A Superstar Televangelist in Pakistan Divides, Then Repents
(Note: a Murderer becomes repentant – Amir Liaqat Husain)
THE audience erupted as Aamir Liaquat Hussain, Pakistan’s premier televangelist, darted around the television studio, firing off questions about Islam. “How many gates are there to heaven?” he challenged.
Children leapt from their seats, their mothers yelled answers, fathers strained forward, all hoping to catch the eye of Mr. Hussain, who worked the crowd like a circus ringmaster — cajoling, teasing, rewarding.
“Show me the tongue of a snake!” he commanded a bearded man, as part of a question about symbolic serpents. The man obediently stuck out his tongue, prompting hoots of laughter.
To the victors, Mr. Hussain tossed prizes: mobile phones, tubs of cooking oil, chits for plots of land, shirts from his own clothing line. Then he vanished, briefly, only to return on a purring motorbike — also up for grabs.
When a shy-looking man answered Mr. Hussain’s theological teaser correctly, the preacher grabbed the man’s hand and thrust it high, in the manner of a prizefighter. The audience applauded.
“It’s the Islamic version of the ‘The Price is Right,’ ” said the studio manager, standing behind a camera.
Mr. Hussain, 41, is a broadcasting sensation in Pakistan. His marathon transmissions during the recent holy month of Ramadan — 11 hours a day, for 30 days straight — offered viewers a kaleidoscopic mix of prayer, preaching, game shows and cookery, and won record ratings for his channel, Geo Entertainment.
“This is not just a religious show; we want to entertain people through Islam,” Mr. Hussain said during a backstage interview, serving up a chicken dish he had prepared on the show. “And the people love it.”
Yet Mr. Hussain is also a deeply contentious figure, accused of using his television pulpit to promote hate speech and crackpot conspiracy theories. He once derided a video showing Taliban fighters flogging a young woman as an “international conspiracy.” He supported calls to kill the author Salman Rushdie.
Most controversially, in 2008 he hosted a show in which Muslim clerics declared that members of the Ahmadi community, a vulnerable religious minority, were “deserving of death.” Forty-eight hours later, two Ahmadi leaders, one of them an American citizen, had been shot dead in Punjab and Sindh Provinces.
Many media critics held Mr. Hussain partly responsible, and the show so appalled American diplomats that they urged the State Department to sever a lucrative contract with Geo, which they accused of “specifically targeting” Ahmadis, according to a November 2008 cable published by WikiLeaks.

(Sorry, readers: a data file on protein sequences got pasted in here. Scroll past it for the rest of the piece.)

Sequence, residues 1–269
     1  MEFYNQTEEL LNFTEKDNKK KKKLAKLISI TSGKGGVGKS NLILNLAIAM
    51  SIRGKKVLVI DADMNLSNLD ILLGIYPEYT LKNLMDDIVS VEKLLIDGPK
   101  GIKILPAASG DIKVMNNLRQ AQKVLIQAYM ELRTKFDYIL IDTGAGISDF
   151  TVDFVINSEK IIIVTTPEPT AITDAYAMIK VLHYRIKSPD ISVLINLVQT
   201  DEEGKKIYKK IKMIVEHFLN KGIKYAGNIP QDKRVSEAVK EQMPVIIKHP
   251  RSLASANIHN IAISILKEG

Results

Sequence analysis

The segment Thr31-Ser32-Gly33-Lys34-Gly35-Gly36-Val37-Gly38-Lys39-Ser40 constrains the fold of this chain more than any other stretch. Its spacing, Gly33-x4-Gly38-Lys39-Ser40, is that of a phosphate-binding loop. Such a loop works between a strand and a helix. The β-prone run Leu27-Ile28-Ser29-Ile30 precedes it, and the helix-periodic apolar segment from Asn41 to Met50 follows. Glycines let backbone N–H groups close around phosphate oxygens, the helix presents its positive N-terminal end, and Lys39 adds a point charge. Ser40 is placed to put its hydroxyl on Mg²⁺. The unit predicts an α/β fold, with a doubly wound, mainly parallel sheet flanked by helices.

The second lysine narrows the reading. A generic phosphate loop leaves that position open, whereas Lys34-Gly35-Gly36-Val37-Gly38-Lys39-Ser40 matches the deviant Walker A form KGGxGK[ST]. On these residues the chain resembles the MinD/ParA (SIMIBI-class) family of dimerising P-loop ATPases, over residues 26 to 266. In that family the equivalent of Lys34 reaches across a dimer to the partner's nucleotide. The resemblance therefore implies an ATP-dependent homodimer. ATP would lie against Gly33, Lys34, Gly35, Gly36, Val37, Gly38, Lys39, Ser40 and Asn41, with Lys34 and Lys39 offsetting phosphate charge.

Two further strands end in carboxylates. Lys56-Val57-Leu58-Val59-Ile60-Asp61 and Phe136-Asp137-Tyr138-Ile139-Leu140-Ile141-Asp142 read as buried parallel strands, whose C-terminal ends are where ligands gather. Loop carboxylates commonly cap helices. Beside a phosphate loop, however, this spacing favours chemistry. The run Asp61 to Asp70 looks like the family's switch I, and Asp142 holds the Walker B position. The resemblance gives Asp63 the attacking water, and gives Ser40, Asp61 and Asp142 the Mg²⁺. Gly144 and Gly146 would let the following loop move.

Now, Mr. Hussain casts himself as a repentant sinner. In his first Ramadan broadcast, he declared that Ahmadis had an “equal right to freedom” and issued a broad apology for “anything I had said or done.” In interviews, prompted by his own management, he portrays himself as a torchbearer for progressive values.
“Islam is a religion of harmony, love and peace,” he said, as he waited to have his makeup refreshed. “But tolerance is the main thing.”
IN some ways, Mr. Hussain is emblematic of the cable television revolution that has shaped public discourse in Pakistan over the past decade. He was the face of Geo when the upstart, Urdu-language station began broadcasting from a five-star hotel in Karachi in 2002. Then he went political, winning a parliamentary seat in elections late that year. The station gave him a religious chat show, Aalim Online, which brought together Sunni and Shiite clerics. The show received a broad welcome in a society troubled by sectarian tensions; it also brought Mr. Hussain to the attention of the military leader Gen. Pervez Musharraf, who was reportedly touched by its content. In 2005, General Musharraf appointed him junior minister for religious affairs, a post he held for two years.
Mr. Hussain’s success, with his manic energy and quick-fire smile, is rooted in his folksy broadcasting style, described as charming by fans and oily by critics. By his own admission, he has little formal religious training, apart from a mail-order doctorate in Islamic studies he obtained from an online Spanish university in order to qualify for election in 2002.
“I have the experience of thousands of clerics; in my mind there are thousands of answers,” he said.
That pious image was dented in 2011 when embarrassing outtakes from his show, leaked on YouTube, showed him swearing like a sailor during the breaks and making crude jokes with chuckling clerics. “It was my lighter side,” Mr. Hussain said. (Previously, he had claimed the tapes were doctored.)